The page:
Eco-activists have long fought tooth and nail to rid their local environments of the invasive plants and animals that often show up in the wake of human settlement. Shovels, machetes, pick axes, blood, sweat and tears have all been employed in the fight to preserve ecological balance and protect native species. Out of pure desperation, some earth-loving activists have even been tempted to use herbicides like Round Up to destroy the invaders. Recently, however, a new culture has emerged in the mix, one that takes a more jubilant approach to the problem.
“It feels good to eat your enemies,” says Andrew Deines, a postdoctoral researcher at Michigan State University, who studies the ecology of invasive organisms. Far from being a confession of cannibalism, his statement exemplifies the wry humor that invasivores prefer to employ in their battle against non-native species as an alternative to the spiteful rhetoric of the past. The list of species consumed in invasivore circles ranges from kudzu and honeysuckle to feral pigs and garden snails, meaning invasivores can be both carnivores and herbivores.
After developing a taste for invasive species while studying them in graduate school, Deines and his colleagues created Invasivore.org to share their passion with the world. The movement started in their backcountry camps after long days of tramping around collecting invasive species and plotting about how to overthrow them, but it has become a new craze in the culinary world.
Invasivorism is definitely a local food phenomenon. In D.C. you can order snakehead, a scary-looking amphibious fish from Asia that has taken over parts of the Potomac, at fancy restaurants like The Source. In Louisiana, species like nutria, an aquatic rodent that has wreaked havoc in the bayous, is more likely to be on the menu. Out in the Midwest, a giant operation to harvest the millions of Asian carp clogging up the Mississippi River is underway, which may make them the next tilapia (which also happens to be a highly invasive species).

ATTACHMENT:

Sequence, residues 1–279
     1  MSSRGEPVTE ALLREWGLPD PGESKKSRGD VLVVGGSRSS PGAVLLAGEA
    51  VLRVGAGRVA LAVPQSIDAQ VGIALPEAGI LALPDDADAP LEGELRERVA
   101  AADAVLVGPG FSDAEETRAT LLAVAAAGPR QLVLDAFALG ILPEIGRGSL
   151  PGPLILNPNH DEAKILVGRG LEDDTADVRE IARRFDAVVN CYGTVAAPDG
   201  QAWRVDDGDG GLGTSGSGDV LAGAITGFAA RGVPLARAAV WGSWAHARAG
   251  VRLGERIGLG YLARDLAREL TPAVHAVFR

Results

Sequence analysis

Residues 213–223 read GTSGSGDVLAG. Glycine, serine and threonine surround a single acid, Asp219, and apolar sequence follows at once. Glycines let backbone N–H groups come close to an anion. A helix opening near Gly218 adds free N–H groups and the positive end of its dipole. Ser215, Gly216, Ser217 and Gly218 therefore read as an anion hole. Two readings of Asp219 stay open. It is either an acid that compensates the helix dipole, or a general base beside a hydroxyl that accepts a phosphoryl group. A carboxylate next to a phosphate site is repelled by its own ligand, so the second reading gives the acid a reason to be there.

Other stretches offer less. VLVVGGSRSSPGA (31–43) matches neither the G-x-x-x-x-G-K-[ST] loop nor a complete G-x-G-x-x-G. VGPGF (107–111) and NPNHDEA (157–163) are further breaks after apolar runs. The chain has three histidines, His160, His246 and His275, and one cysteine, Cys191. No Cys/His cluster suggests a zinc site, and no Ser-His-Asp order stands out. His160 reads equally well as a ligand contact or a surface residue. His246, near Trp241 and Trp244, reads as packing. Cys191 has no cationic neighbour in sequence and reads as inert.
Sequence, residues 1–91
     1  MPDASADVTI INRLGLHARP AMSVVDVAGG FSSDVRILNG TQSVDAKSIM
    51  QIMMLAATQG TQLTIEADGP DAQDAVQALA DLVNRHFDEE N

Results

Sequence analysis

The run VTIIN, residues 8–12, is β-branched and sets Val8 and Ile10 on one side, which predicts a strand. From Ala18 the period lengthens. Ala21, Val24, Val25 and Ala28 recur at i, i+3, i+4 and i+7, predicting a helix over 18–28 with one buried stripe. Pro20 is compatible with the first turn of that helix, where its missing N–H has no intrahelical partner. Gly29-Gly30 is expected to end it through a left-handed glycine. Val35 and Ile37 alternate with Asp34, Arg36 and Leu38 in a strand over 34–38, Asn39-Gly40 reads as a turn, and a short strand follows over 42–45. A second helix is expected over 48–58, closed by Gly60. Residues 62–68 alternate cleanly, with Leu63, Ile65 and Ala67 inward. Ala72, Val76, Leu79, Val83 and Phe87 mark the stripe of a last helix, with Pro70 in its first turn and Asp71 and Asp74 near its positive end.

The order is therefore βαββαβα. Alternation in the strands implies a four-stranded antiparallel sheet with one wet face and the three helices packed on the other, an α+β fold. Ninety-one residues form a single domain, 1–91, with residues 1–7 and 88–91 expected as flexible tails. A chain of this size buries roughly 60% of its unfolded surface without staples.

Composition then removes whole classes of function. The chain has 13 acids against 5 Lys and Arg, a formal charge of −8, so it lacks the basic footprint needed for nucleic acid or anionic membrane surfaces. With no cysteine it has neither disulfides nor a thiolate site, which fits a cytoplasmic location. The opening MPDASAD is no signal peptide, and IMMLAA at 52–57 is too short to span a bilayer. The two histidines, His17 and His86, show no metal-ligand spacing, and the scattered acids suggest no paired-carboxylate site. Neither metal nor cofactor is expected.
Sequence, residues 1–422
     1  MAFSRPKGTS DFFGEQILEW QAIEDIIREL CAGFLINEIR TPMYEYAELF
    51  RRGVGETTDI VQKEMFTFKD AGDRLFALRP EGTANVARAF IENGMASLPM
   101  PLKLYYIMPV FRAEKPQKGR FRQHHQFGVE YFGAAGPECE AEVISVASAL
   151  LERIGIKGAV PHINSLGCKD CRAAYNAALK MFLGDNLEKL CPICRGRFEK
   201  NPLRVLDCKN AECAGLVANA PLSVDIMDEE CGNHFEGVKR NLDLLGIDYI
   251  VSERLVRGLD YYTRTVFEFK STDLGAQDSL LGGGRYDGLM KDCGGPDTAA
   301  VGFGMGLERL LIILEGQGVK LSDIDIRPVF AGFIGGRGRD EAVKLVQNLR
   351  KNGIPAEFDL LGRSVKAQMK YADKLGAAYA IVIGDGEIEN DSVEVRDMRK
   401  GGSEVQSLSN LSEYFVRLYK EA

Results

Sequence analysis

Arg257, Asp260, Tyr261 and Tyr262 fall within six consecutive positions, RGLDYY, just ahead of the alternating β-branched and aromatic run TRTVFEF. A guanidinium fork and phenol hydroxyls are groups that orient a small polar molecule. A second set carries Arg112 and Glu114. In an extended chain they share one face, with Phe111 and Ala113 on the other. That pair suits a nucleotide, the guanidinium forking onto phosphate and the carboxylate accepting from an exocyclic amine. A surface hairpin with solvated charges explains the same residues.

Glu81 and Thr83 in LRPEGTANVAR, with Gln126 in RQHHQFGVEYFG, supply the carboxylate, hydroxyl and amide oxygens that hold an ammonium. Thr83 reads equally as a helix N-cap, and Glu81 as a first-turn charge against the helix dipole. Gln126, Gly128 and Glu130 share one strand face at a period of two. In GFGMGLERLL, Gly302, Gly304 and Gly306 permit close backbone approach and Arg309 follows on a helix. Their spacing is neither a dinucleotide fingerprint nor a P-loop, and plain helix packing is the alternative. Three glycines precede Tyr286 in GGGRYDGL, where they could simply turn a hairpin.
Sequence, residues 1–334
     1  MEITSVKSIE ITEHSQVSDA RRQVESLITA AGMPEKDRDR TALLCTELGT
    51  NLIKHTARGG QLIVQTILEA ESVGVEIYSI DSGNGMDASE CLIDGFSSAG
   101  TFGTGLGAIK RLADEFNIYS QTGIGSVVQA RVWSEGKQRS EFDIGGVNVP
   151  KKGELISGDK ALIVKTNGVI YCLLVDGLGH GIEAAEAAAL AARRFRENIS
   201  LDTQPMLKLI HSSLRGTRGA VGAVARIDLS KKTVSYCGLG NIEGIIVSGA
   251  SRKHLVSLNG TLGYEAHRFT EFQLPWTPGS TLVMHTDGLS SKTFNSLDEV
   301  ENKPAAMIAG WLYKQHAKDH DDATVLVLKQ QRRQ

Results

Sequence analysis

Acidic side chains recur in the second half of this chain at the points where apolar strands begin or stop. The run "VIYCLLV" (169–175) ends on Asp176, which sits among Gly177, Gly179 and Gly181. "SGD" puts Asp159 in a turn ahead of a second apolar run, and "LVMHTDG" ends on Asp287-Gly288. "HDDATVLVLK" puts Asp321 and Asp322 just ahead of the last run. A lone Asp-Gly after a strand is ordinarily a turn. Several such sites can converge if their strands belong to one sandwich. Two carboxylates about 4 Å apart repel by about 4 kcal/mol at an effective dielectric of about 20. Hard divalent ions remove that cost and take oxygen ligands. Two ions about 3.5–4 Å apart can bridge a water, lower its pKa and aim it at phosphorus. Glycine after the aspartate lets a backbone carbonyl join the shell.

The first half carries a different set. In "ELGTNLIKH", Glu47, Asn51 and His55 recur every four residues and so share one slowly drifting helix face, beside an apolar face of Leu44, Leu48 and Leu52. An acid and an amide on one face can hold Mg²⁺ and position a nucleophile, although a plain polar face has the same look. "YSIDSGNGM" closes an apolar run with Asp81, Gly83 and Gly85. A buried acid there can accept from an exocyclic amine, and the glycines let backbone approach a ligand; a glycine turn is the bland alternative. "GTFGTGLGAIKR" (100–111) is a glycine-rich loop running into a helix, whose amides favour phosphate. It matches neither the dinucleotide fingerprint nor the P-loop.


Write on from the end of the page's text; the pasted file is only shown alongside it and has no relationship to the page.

The Institute for Applied Ecology (IAE) in Corvallis, Oregon is gearing up for its annual Invasive Species Cook-Off, which is set for September 28th, where some of the country’s top chefs gather each year to compete for the honors of best invasive species dish. “This year’s event will feature the internationally celebrated Chef Philippe Parola demonstrating the art of cooking nutria and Asian carp,” says Tamara Mullen, IAE’s outreach coordinator. Last year’s prize went to chef Jason Biga of Aqua, a foodie hotspot in Corvallis, for his wild boar dish that was marinated in a sauce of fermented invasive vegetables.
Through the hype and publicity that has come with turning our ecological foes into the latest gourmet fare, invasivores seek a paradigm shift in how we perceive exotic species. “They are an underutilized resource, for sure,” says Deines. A big part of the effort has to do with branding — changing the image of invasives from something evil to something appetizing. Chef Parola markets Asian carp as “Silver Fin“, for example. In the mid-Atlantic, local authorities have renamed snakefish as the “Spotted Channa“. An organic food company is marketing the fruit of invasive eleagnus bushes as Lycoberry, in hopes that it will be the next goji.
Chef Parola is even attempting to launch a TV show with a name that perfectly sums up the invasivore approach: “If you can’t beat ‘em, eat ‘em!”